On having mega-stars front and center in the negotiations:
“Those guys have been involved all along and from a media standpoint if you don’t physically see somebody at a meeting you think they’re off doing their own thing and they’re not involved but that’s not the case. I think what it did was it showed everyone else that these guys are on board and these guys are backing the union’s position and that you know it gave Billy Hunter and Derek Fisher the ability to come out and say ‘look these guys are behind me and they’re backing our position.’ The idea that the star players are gonna be taken care of and they don’t care either way is just false. They had some spirited debates and it was good. It was a good day, but unfortunately it just didn’t result in getting a deal done.”
On the responsibility he feels to get a fair deal that will help benefit players that follow him:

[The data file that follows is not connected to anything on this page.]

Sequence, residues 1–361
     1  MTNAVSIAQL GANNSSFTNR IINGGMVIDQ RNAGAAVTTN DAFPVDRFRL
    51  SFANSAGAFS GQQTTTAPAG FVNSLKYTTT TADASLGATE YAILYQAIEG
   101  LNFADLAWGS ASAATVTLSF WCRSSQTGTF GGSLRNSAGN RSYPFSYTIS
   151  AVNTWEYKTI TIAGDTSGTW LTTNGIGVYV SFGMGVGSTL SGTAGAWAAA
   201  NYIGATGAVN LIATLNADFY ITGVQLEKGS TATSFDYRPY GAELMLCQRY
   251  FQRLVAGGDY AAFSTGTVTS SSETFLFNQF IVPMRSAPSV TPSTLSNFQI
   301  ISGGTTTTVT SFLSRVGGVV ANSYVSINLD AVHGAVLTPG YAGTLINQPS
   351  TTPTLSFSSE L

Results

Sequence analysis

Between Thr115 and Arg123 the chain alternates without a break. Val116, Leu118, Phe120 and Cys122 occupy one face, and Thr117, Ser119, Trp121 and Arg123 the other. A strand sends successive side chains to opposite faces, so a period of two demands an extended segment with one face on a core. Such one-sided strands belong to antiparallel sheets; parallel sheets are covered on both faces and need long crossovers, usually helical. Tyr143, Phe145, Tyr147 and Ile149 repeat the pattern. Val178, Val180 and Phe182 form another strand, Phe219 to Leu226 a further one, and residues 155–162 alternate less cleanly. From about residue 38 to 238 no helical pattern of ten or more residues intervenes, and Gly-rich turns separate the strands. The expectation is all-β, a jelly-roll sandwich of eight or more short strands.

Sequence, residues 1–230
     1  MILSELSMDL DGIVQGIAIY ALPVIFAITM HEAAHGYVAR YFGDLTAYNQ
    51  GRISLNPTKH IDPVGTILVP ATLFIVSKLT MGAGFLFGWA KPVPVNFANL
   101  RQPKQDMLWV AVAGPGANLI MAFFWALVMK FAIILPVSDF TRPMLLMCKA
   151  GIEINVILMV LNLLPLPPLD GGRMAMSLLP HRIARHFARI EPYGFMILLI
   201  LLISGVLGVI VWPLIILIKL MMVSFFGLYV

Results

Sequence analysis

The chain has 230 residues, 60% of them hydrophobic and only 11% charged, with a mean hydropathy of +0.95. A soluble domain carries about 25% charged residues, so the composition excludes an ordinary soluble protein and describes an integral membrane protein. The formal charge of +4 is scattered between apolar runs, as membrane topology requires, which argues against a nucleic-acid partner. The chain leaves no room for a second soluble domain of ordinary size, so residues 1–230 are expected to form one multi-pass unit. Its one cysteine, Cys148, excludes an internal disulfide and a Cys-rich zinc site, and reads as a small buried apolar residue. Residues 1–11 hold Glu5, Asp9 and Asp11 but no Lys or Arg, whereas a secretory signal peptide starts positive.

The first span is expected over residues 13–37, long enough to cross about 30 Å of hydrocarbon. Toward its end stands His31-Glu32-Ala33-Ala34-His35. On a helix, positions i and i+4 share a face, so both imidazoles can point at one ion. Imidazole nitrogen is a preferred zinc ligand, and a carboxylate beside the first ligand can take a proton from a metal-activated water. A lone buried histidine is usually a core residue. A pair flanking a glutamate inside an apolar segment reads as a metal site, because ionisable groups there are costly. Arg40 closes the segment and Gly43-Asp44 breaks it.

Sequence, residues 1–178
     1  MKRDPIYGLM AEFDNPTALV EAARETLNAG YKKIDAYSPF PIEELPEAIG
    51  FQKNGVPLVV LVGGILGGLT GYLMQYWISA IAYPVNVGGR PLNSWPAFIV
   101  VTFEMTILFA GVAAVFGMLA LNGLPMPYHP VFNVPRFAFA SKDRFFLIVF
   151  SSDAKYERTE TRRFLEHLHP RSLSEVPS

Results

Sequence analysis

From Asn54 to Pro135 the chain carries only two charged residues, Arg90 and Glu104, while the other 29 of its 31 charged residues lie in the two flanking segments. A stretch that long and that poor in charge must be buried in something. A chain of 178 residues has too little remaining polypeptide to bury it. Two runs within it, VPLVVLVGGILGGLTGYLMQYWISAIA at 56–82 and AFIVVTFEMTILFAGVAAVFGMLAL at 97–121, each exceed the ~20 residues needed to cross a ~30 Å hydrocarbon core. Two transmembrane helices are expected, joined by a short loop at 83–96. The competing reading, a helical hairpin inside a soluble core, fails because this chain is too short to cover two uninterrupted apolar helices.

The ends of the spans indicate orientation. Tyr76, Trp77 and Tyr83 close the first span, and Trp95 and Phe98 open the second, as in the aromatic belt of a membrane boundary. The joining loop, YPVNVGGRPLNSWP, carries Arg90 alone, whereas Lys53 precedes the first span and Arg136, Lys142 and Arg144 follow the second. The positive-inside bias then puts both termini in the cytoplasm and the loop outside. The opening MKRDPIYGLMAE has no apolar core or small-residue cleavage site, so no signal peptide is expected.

“That’s not hard at all because this is a great job, the best job I think. I love basketball and while you guys know being around the players and stuff it’s not all what it looks like from the outside but it’s a great job and we’re extremely fortunate to be in the position were in and we feel obligated to preserve what we’ve gotten on the backs of the players that came before us. We feel obligated to preserve that for the players that are new in the league and to come years from now. That’s the resolve that you see with the players. This is what we do and we have, as players, such a small window of opportunity to do it. The average career is around five years and I think that’s even slanted because you have a lot of guys that have played a number of years and some guys are in one or two. You just don’t have a lot of time to play so for guys to really dig in and say that’s it and be willing to lose games is a lot and says a lot. It’s a huge sacrifice but I think what the players have done before us, to put us in this position, and that’s not to say, I think the players union has shown the willingness to negotiate. We want to play. It’s weird as an athlete your body is conditioned at this point in the season we’re supposed to be in training camp and it’s like an alarm clock where you know okay this is the time the trees are changing colors and we’re supposed to be in a gym right now and to fight that and to miss paychecks it’s difficult but I think it shows the resolve of the players in that we want a fair deal. We want a fair deal and we’re gonna play regardless, but we want to play in the NBA but it’s gotta be fair and it’s gotta be something that we, as players, feel proud about and that the next group of players can inherit and feel proud about being under that system.”